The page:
If you are not a jam maker — we aren’t, but we’re trying — this recipe from Lucy Baker’s book Edible DIY might be a bit daunting. It was to us, but we read that the end result tastes just like carrot cake! Who could resist? Not us, and probably not you. Oh, and while the recipe seems daunting, it’s not so bad. We’ll take it step by step and help you through, so that you, too, can have carrot cake on toast for breakfast.
Jams and conserves always seem a bit difficult, but that is probably because we don’t make jams very often — this is just our second try. But, they are nothing more than variations on cooked fruit with sugar and pectin, pectin being the jelling agent. It’s what turns the fruit into jelly. And, while you can process your jams so they are shelf-stable, you can also just make them, pack them in jars, and store them in the fridge. It’s easier. So, take a deep breath, think, “I can do this,” and let’s get scratchin’.
Makes 3 pints
- 4 tsp calcium water (made from a packet inside the Pomona’s box)
- 3 cups sugar
- 2 tsp Pomona’s Universal Pectin
- 1 1/2 cups carrots, peeled and grated
- 1 1/2 cups tart apples, peeled, cored, and grated
- 1 3/4 cup crushed pineapple, including juice
- 2 Tbs freshly squeezed lemon juice
- 3/4 tsp ground cinnamon
- 1/2 cup raisins, chopped
- 1/2 cup walnuts, finely chopped
- 1/4 tsp butter
Long list, right? Don’t have pectin sitting in your cupboard? Stop at a health food store or food co-op; they should have Pomona’s. It will set you back $4-5 for a box, but you won’t use it all. Health food stores carry Pomona’s because you can use it to jell with less sugar — apparently it’s the mystical calcium water that does it. For the carrot conserve, the recipe originally suggested using Granny Smith apples. We didn’t have any, so we used Pink Lady apples, instead.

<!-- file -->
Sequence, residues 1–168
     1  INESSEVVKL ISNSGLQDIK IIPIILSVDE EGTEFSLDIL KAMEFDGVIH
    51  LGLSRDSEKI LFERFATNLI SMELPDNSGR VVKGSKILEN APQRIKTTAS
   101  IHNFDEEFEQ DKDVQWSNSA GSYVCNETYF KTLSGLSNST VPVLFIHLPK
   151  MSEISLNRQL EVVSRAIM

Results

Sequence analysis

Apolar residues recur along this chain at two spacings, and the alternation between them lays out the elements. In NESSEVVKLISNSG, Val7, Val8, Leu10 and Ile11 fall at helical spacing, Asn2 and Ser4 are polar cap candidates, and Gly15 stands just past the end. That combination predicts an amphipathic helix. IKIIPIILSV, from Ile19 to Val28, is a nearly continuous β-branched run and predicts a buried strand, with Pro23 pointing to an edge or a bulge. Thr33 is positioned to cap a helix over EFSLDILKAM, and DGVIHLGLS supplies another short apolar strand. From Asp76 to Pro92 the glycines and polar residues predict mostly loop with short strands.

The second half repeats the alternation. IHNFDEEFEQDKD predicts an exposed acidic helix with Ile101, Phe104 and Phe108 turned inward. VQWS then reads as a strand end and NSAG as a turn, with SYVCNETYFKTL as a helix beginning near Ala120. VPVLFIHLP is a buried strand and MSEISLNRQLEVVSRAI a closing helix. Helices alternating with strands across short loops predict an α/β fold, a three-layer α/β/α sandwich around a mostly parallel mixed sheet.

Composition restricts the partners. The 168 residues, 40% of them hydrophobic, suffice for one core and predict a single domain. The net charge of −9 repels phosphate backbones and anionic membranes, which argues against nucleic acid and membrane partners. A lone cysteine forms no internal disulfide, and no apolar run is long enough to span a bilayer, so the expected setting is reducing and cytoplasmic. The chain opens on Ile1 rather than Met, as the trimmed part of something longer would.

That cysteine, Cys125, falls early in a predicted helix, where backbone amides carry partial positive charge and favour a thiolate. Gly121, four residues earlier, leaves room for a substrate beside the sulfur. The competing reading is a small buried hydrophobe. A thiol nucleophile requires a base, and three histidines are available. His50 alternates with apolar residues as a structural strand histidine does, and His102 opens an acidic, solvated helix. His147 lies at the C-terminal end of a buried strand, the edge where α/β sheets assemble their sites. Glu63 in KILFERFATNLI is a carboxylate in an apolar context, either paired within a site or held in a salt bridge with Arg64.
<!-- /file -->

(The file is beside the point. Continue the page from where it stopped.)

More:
Mix calcium water. The instructions included with the pectin say to mix 1/2 tsp of calcium (small packet in photo, above), with 1/2 cup water. Put it in a small jar, so you can keep the rest for other jams.
Mix sugar and pectin. Measure out the sugar and whisk in the pectin (large packet). Set aside. You want the pectin thoroughly mixed in, or, we suppose, you might get bits of jam that are super-jelled. That would be weird.
Juice. Juice a lemon. We want to do this before we grate the carrots and apples, so we can pour the juice over them, and they won’t turn brown. It turns out that this doesn’t matter in the end; the jam is the color of carrot cake, anyway.
Grate. To make it a bit simpler, we used our Cuisinart with the grating blade, but by hand would work, too. Grate carrots. We grated the apples, too. Since we didn’t know how many carrots and apples we would need for the 1 1/2 cups, we used the extras for Polish Carrot Salad.
Cook. Measure out the carrots, apples, lemon juice, calcium water, cinnamon, and pineapple into a heavy bottomed 3-4 quart saucepan. Bring to a boil, stirring regularly so the mixture doesn’t stick and burn.
Simmer. Reduce heat, cover, and simmer until the apples are soft, about 20 minutes.
Add raisins, sugar, and butter. Stir in the raisins, the pectin-infused sugar, and that little dab of butter.
Boil. Turn heat up and bring back to a full boil. Let boil for 1 minute.
Add walnuts. Stir in the chopped walnuts, and remove from heat. You’ve made jam!
Pack. While hot, ladle into hot jars, and cover. If you know how to can, these would process for 10 minutes in a hot water bath. If not, once cooled, store in your refrigerator. Unless processed properly, this is not a shelf-stable product.
So, was that difficult? Yes and no. It did seem a bit daunting at first, especially since we tried our hand at canning the jam, but, in retrospect, it wasn’t really that hard. Basically, cook fruit (and carrots), and sugar, and pectin. Then store. Oh, there was a bit left over that wouldn’t fit into our jars, and, yes, it does taste like carrot cake, but a bit sweeter. On toast it will be great. Because of the somewhat complex nature of this recipe, we give it four stars, but we think experienced jammers would give it five.